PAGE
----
messages that are up to date and arrive in time are critical. It is
also critical to have MPR information in sync if the MPR algorithm is
used, but in the author's opinion this optimization doesn't do any
good anyway. The MPR algorithm introduces a new source of failure and
reduces TC message redundancy, so it should be switched off in the
configuration file /etc/olsrd/olsrd.conf with these lines:
TcRedundancy 2
MprCoverage 7
olsrd with LQ Extension attempts to know the best routes all over the
whole mesh cloud, but it is likely that it never will be able to
achieve this in a mesh that has more than a handful of nodes. TC
information is likely to be lost on its way through the whole
mesh. And this likelyhood increases with the number of hops.
But this fact doesn't necessarily harm the routing of traffic on a
long multihop path. A node at one end of a mesh cloud may have the
illusion to know the exact and best path along which its packets
travel when communicating with a node that is several hops away. But
this information may be pretty outdated and incomplete.
In fact all that the algorithm has to achieve is a reasonable choice
for the next two or three hops. If the routing path is 8 hops, for
example, nodes that are 5 hops away from the node initiating traffic
and closer to the destination have better and more accurate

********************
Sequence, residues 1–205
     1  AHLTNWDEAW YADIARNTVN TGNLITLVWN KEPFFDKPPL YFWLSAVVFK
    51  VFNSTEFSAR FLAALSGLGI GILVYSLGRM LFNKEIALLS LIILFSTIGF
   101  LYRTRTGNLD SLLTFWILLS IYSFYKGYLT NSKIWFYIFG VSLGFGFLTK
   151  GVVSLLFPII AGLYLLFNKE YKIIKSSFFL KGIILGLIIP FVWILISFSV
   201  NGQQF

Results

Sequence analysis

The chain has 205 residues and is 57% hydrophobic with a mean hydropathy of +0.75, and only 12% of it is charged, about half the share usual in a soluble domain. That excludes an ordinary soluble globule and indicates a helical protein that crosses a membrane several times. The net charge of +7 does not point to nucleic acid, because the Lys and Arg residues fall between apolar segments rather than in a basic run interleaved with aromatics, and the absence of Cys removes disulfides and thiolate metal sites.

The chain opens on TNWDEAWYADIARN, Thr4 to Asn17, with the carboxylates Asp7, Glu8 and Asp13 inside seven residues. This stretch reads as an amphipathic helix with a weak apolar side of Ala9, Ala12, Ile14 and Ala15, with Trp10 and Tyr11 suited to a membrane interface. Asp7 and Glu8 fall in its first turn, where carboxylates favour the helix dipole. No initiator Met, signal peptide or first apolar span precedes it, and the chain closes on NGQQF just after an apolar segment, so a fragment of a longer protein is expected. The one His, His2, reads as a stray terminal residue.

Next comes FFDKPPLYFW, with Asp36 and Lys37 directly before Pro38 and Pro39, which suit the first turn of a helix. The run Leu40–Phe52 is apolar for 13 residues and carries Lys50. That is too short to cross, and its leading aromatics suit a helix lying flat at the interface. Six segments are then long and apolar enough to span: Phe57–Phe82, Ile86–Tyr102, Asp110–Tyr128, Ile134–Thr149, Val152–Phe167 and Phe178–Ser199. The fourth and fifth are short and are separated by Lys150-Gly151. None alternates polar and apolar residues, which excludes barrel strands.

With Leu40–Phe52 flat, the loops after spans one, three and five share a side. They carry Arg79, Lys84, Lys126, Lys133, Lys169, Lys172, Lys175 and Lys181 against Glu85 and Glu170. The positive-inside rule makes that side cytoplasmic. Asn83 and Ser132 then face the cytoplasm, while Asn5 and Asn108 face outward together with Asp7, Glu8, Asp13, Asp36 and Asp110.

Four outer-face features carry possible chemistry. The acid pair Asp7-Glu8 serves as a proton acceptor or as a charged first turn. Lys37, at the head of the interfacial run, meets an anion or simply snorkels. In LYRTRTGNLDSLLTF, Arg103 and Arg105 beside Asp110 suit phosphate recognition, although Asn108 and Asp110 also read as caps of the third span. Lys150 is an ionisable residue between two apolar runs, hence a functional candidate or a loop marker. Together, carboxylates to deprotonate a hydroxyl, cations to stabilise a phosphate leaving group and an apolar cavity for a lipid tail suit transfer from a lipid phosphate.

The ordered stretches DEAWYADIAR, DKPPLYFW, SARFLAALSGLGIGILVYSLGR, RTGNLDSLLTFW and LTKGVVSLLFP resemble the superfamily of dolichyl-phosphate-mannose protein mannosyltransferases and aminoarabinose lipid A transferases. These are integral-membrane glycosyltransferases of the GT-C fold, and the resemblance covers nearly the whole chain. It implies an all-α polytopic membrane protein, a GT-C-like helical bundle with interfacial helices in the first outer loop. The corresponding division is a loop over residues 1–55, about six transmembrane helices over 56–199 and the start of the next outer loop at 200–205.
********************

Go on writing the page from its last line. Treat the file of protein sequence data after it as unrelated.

information about the best path. They don't know what a node that
initiates traffic thinks about the path that its packets should take,
they have more accurate routing information and will look into their
routing table and make a choice based on their knowledge.
Someone that sends a snail mail parcel from Europe to India doesn't
have to write the name of the Indian postman on the paket that is
supposed to hand it over to the recipient or the brand of bicycle he
is supposed to ride when transporting the parcel. He doesn't have to
decide the path that the postman has to take in the recipient's
village. The postman knows better than the sender.
It should be sufficient if nodes have a vague idea about the topology
of the mesh in the distance and who is out there. If only a few TC
messages out of many TC packets that are broadcast make it over the
whole mesh this should be sufficient.
Have fun!